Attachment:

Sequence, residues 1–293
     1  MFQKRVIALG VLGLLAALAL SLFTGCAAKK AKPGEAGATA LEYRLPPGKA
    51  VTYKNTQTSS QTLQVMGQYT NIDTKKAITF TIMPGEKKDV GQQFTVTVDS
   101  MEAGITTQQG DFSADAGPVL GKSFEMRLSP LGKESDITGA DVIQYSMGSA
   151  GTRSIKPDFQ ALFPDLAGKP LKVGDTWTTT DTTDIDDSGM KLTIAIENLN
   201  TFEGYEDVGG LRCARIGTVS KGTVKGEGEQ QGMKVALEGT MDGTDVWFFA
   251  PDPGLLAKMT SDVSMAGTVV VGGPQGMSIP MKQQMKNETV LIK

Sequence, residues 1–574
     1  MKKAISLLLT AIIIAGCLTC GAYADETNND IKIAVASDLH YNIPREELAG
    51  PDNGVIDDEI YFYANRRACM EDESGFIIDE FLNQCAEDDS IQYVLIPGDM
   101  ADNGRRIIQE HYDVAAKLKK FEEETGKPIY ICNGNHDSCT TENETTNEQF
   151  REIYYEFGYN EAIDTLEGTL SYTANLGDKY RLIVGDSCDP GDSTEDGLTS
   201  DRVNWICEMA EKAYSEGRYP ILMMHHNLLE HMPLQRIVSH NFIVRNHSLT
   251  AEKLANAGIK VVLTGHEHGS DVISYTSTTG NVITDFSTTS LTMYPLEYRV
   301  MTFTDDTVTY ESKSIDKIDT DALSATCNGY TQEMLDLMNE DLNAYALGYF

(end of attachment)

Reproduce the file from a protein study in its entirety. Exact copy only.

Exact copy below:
Sequence, residues 1–293
     1  MFQKRVIALG VLGLLAALAL SLFTGCAAKK AKPGEAGATA LEYRLPPGKA
    51  VTYKNTQTSS QTLQVMGQYT NIDTKKAITF TIMPGEKKDV GQQFTVTVDS
   101  MEAGITTQQG DFSADAGPVL GKSFEMRLSP LGKESDITGA DVIQYSMGSA
   151  GTRSIKPDFQ ALFPDLAGKP LKVGDTWTTT DTTDIDDSGM KLTIAIENLN
   201  TFEGYEDVGG LRCARIGTVS KGTVKGEGEQ QGMKVALEGT MDGTDVWFFA
   251  PDPGLLAKMT SDVSMAGTVV VGGPQGMSIP MKQQMKNETV LIK

Sequence, residues 1–574
     1  MKKAISLLLT AIIIAGCLTC GAYADETNND IKIAVASDLH YNIPREELAG
    51  PDNGVIDDEI YFYANRRACM EDESGFIIDE FLNQCAEDDS IQYVLIPGDM
   101  ADNGRRIIQE HYDVAAKLKK FEEETGKPIY ICNGNHDSCT TENETTNEQF
   151  REIYYEFGYN EAIDTLEGTL SYTANLGDKY RLIVGDSCDP GDSTEDGLTS
   201  DRVNWICEMA EKAYSEGRYP ILMMHHNLLE HMPLQRIVSH NFIVRNHSLT
   251  AEKLANAGIK VVLTGHEHGS DVISYTSTTG NVITDFSTTS LTMYPLEYRV
   301  MTFTDDTVTY ESKSIDKIDT DALSATCNGY TQEMLDLMNE DLNAYALGYF